The Cultural Heritage Research Center connects diverse disciplines
July 5, 2016
The meaning of cultural heritage in American communities is in the eye of the beholder, but at IUPUI, those eyes often belong to faculty in the Cultural Heritage Research Center.
The center is based in the School of Liberal Arts and is directed by Elizabeth Kryder-Reid of the Department of Anthropology and the Museum Studies program. It connects diverse disciplines such as geography, museum studies, tourism, history, archaeology, education, visual culture and others to help campus and community audiences learn who we are, where we come from and how cultural heritage shapes our sense of identity.
It's a big job, Kryder-Reid acknowledged.
"We tend to tackle issues that address questions of social inequalities as they intersect with heritage," she said. "Our projects help build the capacity of cultural heritage organizations in our community."
The field helps create a richer understanding of the cultural heritage of the many segments of Indianapolis' population. Thus it can help develop new approaches in the field, create new tools and strategies to better understand ourselves, and be more effective in the study and stewardship of cultural heritage.
The center, also known as the CHRC, is a research unit rather than a teaching organization. That means it is primarily faculty-driven, but students can get involved in research projects. These experiences allow them to develop the skills and knowledge that will prepare them for careers in tourism, museum programming, information technology and education, among others.
The practical impact of the center's work can be seen in AccessIndy, an initiative that unites museum and cultural arts professionals in an effort to improve access and inclusion in their organizations. That, in turn, means a deeper understanding across a wide range of population groups throughout the city.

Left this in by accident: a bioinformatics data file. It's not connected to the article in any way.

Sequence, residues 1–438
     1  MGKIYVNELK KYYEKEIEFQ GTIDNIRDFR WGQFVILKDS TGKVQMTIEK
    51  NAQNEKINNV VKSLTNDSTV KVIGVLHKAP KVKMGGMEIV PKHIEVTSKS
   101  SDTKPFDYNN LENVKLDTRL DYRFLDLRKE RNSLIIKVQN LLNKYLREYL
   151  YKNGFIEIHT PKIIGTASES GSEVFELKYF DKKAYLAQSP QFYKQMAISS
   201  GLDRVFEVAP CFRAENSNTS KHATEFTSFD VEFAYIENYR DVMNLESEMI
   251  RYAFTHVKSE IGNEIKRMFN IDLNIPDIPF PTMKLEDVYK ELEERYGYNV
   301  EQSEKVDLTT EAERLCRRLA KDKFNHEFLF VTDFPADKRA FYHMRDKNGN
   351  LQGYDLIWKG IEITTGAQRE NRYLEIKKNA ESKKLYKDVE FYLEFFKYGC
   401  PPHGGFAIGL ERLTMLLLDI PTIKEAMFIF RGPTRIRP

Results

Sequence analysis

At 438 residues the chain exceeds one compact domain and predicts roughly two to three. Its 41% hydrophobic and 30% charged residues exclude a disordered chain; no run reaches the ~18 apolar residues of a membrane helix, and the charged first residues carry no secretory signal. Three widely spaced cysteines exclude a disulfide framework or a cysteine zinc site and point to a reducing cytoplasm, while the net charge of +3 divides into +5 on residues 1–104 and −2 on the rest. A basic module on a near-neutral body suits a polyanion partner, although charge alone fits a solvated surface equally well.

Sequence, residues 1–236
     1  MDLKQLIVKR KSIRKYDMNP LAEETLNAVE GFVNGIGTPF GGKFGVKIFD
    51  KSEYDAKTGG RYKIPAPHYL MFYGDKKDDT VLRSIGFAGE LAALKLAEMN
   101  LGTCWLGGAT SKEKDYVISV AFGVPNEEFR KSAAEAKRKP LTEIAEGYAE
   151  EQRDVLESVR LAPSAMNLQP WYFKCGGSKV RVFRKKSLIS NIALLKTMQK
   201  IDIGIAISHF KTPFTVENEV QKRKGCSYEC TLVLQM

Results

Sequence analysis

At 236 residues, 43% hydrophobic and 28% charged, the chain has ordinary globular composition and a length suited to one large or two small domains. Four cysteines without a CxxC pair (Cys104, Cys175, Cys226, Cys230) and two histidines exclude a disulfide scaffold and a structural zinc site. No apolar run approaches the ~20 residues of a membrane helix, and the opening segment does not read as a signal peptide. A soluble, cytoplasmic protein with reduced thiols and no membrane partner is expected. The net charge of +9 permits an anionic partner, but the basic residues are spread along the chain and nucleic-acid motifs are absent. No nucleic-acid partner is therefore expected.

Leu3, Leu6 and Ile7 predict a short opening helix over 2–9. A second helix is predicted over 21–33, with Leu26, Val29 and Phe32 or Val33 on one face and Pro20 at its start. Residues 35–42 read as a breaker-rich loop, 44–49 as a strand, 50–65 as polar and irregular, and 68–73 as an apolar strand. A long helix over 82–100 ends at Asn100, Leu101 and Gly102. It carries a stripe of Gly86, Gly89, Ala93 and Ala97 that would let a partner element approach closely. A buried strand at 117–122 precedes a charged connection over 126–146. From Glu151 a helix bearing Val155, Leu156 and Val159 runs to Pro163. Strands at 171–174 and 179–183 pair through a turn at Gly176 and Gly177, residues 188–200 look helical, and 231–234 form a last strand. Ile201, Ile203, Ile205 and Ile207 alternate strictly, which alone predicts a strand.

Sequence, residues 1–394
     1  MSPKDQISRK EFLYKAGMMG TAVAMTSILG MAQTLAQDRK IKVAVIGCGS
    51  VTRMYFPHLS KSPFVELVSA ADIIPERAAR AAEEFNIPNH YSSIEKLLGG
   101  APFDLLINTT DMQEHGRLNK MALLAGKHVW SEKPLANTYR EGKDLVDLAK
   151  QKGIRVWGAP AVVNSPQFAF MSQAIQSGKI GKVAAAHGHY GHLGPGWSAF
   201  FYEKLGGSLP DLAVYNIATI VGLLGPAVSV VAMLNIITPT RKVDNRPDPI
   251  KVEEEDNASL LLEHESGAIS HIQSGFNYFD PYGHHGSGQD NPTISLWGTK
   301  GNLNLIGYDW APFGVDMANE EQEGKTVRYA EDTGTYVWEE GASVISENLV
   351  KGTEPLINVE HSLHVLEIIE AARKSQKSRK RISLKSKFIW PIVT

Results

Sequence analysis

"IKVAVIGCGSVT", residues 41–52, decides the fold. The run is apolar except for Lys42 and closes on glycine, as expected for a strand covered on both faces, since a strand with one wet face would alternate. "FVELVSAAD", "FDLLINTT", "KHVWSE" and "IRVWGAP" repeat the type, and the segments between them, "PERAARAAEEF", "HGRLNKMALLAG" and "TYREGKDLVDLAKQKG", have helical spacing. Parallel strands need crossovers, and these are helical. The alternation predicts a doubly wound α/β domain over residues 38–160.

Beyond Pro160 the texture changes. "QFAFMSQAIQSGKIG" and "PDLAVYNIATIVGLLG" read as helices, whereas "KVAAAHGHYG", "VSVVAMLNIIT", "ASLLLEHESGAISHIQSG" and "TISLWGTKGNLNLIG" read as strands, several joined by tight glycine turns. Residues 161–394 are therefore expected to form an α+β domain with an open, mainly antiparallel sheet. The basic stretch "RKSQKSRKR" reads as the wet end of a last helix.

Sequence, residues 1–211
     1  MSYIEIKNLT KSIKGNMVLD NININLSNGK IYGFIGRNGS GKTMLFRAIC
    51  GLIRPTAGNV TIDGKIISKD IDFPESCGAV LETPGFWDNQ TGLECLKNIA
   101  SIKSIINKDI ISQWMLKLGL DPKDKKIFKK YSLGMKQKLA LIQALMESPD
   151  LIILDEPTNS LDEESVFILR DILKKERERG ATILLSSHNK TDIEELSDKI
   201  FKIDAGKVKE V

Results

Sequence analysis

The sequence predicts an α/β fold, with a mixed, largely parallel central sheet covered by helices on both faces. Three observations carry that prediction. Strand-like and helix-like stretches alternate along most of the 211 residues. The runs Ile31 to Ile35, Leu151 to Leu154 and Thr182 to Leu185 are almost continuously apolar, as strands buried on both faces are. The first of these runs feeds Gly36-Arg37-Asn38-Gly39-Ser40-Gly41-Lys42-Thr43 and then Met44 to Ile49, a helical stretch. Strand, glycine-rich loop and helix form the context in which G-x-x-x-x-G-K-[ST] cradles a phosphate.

With funding from the Indiana Arts Commission, Kris Johnson and Kryder-Reid offered roundtables, developed an AccessIndy website and helped connect people working to make their institutions more inclusive. Johnson is an alumna who is also the founder of and program coordinator for AccessIndy.
"The process helped make AccessIndy an ongoing organization that meets community needs," Kryder-Reid said.
The center has also supported IUPUI's involvement in a national project called "States of Incarceration." The collaborative project was organized by the Humanities Action Lab based in the New School, a liberal arts college located in New York City.
"We were one of 20 partners working to curate a traveling exhibit and to create a website that will engage audiences around the country in the history of incarceration and its contemporary consequences," Kryder-Reid said.
She was part of a contingent of colleagues and 15 IUPUI students who went to New York City in April to attend the opening of the exhibit and a symposium on the topic.
The exhibit is scheduled to visit the Central Library in Indianapolis in April 2017. Kryder-Reid plans to teach an "interpreting incarceration" class this fall, giving IUPUI students an opportunity to develop public programming to help audiences engage with the exhibit.
Other projects on the Cultural Heritage Research Center's radar are studying Native American heritage sites such as Mounds State Park east of Anderson and Strawtown Koteewi Park in Hamilton County north of Indianapolis and establishing a story-based map of the corridor that includes West Street, Martin Luther King Jr. Street and Michigan Road, looking at the landscapes of race and class.